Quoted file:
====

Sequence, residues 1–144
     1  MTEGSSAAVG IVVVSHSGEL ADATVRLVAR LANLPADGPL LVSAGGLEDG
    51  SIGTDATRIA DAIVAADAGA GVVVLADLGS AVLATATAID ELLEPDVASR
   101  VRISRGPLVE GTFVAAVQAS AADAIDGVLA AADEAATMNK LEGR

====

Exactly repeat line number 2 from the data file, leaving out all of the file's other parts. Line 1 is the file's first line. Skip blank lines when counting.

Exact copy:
     1  MTEGSSAAVG IVVVSHSGEL ADATVRLVAR LANLPADGPL LVSAGGLEDG